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Truth in clojurescript

Truth and languages

The title of this paragraph sounds a bit postmodern . But here, we want to discuss the truth in Clojurescript and javascript .

Javascript ’s conception of the truth is a bit surprising. See by yourself:

Boolean(0) // false Boolean("0") // true 0 == "0" // true 0 == false //  true "0" == false // true   Boolean("") // false Boolean([]) // true Boolean({}) // true 

Clojure ’s conception of the truth is completly well defined.

It is therefore very interesting to ask:

How Clojurescript handles the truth?

Clojurescript: a teacher about truth

Let’s look at some transpiled javascript code withKLIPSE in order to understand how clojurescript checks if something is true:

You see in the transpiled javascript code that the x variable has been wrapped into into a call to th cljs.core.truth_ function.

Here is the code for cljs.core.truth_ :

function cljs$core$truth_(x) {   return x != null && x !== false } 

This is how clojurescript teaches javascript what is true and what is not – in its own language!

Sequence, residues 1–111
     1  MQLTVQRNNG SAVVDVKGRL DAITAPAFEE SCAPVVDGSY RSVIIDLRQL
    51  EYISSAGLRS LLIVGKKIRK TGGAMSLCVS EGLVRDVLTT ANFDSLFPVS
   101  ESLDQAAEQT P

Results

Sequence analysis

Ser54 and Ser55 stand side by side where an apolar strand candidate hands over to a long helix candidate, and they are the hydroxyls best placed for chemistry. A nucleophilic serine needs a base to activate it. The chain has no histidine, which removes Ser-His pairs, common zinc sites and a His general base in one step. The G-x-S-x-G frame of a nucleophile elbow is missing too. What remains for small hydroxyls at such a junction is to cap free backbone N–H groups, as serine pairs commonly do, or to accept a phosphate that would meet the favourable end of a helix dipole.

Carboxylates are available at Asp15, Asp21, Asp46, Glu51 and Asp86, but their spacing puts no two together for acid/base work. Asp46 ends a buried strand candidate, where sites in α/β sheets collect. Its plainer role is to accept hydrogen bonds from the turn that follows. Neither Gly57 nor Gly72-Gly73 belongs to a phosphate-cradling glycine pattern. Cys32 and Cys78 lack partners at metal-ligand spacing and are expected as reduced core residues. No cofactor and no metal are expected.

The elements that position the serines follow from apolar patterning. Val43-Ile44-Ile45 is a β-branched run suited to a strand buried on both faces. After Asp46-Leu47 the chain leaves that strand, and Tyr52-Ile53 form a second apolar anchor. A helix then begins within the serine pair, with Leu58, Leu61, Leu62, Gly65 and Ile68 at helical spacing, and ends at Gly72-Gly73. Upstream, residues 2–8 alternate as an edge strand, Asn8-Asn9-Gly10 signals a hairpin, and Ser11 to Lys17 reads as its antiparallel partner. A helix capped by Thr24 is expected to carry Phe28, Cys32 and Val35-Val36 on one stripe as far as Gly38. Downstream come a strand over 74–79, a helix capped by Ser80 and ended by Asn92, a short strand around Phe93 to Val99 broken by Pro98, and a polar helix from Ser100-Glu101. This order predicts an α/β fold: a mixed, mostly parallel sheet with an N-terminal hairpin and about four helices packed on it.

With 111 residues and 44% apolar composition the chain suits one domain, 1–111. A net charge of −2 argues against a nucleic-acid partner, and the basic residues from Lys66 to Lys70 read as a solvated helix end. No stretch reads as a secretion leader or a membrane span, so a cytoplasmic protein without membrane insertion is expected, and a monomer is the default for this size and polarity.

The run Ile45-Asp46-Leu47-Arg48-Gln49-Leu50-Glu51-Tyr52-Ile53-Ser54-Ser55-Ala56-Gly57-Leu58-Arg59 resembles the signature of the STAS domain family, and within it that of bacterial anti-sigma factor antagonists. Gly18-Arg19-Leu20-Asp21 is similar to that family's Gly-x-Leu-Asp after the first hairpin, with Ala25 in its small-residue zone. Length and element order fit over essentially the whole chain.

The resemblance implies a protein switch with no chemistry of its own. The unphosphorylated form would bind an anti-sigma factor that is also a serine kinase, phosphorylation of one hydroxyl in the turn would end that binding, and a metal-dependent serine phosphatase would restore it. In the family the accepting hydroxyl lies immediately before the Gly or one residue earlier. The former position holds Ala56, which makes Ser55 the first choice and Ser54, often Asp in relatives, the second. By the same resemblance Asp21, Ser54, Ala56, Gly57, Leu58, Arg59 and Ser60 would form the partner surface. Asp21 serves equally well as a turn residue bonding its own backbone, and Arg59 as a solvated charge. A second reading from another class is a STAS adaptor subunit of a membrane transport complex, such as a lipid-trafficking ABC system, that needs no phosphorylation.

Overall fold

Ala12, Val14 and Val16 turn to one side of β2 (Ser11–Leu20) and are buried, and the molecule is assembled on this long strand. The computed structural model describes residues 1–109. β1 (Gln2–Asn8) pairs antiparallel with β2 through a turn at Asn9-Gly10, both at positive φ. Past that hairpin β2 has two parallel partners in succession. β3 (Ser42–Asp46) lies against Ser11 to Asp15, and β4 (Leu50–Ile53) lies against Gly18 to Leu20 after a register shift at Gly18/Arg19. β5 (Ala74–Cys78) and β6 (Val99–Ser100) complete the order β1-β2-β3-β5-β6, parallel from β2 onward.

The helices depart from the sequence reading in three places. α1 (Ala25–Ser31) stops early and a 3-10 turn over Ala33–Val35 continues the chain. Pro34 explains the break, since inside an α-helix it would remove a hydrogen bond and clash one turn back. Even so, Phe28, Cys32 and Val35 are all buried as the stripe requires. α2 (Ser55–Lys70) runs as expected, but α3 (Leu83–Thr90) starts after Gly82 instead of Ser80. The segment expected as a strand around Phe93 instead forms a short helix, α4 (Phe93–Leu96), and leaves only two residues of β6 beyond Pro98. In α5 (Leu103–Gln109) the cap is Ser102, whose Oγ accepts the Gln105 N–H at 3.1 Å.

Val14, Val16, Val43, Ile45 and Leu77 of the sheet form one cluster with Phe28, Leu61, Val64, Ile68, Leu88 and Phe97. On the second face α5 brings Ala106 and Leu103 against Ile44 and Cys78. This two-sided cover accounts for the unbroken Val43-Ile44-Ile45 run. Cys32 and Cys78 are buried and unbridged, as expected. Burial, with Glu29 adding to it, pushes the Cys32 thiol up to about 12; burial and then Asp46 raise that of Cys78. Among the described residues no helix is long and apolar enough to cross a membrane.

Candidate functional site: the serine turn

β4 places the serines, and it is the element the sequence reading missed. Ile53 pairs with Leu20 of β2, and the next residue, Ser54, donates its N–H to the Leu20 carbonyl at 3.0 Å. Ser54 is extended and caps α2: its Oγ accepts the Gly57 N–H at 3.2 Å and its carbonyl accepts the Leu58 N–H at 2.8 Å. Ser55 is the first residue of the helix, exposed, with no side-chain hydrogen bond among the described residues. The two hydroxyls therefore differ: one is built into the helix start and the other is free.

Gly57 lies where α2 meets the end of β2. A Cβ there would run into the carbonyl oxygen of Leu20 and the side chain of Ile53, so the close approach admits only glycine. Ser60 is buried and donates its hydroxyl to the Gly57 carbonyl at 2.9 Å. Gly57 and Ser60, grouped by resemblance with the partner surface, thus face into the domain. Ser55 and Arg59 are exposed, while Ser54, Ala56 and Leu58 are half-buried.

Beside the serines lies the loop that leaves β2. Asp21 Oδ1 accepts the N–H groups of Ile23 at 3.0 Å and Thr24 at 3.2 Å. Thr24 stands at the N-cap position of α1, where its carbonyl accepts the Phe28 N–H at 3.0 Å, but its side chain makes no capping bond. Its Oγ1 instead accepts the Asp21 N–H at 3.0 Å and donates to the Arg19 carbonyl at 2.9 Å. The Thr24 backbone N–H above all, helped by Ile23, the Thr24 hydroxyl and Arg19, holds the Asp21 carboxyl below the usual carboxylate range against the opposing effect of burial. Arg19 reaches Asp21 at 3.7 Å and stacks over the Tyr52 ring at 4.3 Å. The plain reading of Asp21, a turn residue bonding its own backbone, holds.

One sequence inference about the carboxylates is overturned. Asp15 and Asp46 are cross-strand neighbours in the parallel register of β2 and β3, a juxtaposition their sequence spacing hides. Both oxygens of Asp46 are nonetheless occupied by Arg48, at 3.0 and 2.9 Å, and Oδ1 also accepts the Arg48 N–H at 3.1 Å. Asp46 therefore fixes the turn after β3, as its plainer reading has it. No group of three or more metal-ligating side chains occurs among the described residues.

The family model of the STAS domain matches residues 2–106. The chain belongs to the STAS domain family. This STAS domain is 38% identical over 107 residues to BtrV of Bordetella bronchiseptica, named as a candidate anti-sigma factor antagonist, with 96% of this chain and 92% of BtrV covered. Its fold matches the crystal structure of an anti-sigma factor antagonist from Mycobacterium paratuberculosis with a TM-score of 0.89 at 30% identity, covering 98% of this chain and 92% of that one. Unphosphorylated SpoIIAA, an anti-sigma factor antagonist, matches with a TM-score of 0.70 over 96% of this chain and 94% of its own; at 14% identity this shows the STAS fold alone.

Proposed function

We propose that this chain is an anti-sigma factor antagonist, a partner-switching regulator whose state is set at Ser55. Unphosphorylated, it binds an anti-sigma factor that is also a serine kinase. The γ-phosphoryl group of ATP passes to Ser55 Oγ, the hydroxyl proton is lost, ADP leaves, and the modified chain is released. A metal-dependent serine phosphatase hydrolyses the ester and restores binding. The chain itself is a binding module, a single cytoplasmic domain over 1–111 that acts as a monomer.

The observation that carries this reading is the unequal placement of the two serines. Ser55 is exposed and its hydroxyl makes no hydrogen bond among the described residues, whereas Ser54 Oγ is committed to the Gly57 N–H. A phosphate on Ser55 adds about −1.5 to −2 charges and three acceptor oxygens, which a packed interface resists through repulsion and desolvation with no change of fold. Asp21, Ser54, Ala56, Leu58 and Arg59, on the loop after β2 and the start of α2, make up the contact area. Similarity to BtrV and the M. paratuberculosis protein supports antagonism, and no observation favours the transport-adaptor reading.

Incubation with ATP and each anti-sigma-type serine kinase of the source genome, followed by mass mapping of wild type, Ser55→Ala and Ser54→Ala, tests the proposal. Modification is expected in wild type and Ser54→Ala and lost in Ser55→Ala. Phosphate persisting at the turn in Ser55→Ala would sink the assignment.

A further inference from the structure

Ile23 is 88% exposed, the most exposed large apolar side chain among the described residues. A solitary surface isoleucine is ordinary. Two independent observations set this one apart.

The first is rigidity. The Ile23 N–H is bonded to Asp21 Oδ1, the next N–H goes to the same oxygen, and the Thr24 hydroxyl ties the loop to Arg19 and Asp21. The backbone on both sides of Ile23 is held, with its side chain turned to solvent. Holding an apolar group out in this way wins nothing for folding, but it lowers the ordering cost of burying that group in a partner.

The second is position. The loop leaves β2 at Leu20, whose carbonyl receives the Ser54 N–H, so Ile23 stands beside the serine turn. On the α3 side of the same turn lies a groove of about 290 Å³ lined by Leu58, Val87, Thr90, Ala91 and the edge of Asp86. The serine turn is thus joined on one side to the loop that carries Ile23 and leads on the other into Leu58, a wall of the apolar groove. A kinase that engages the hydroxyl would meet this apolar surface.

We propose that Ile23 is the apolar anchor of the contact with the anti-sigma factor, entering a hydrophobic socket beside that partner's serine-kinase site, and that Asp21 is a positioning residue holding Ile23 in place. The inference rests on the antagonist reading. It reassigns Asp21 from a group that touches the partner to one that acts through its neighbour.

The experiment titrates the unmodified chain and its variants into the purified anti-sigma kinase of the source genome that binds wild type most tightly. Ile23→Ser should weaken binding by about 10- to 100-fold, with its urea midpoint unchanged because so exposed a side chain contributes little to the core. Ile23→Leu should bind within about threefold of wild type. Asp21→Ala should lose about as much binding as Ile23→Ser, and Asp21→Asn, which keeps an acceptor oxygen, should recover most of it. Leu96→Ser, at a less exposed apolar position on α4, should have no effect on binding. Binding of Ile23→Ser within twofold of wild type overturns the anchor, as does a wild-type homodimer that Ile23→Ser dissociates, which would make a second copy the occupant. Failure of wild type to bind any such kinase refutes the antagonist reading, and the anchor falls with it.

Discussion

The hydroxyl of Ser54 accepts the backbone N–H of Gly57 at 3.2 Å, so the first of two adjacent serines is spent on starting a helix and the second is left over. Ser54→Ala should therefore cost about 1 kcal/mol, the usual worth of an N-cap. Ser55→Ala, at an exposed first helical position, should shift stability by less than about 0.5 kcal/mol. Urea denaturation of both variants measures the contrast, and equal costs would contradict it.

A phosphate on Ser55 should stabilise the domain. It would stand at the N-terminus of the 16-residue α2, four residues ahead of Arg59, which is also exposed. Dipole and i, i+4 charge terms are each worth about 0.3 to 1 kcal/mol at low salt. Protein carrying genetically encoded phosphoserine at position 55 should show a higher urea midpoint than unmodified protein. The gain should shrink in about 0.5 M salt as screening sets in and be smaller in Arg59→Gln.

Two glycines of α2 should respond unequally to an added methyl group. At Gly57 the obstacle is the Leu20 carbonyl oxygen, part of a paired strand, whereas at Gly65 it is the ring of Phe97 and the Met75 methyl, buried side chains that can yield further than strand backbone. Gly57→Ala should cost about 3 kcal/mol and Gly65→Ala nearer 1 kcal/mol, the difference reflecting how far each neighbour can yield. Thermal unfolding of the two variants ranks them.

Performances

It’s nice to have a truth wrapper. But what if you are in a performance sensitive environment and you want to use the native javascript truth system – in order to move faster?

Well, clojurescript provides a way to let the compiler know that you trust javascript : the ^boolean type hint.

Let’s see it in action withKLIPSE:

By using the ^boolean type hint, you let the compiler know that x must be a boolean i.e. either true or false . In that case, it’s safe to trust javascript about the truth. There is no need to wrap the hinted variable into cljs.core.truth_ .

And the clojurescript compiler is smart: it knows how to propagate type hints i.e. if you assign a hinted variable x into an unhinted variable y , then y is automatically hinted.

Let’s check it with a simple piece of code inKLIPSE:

You see that y has not been wrapped.

Cool, isn’t it?

Dangers

With great power comes great responsibility

Let’s have a look at some interesting edge cases exposed by Mike Fikes involving the ^boolean type hint:

What’s happened here?

Remember that in javascript , 0 is falsy.

b is a boolean and x is also considered as a boolean because of type propagations.

f is called with a boolean value: false .

But f breaks the contract as it assigned a non-boolean value 0 into x .

And then the javascript truth system makes troubles: 0 is falsy, so we get into the loop almost forever.

Clojurescript provides a way to turn off type inference, using the ^any type hint.

So let’s add ^any to x and see what happens:

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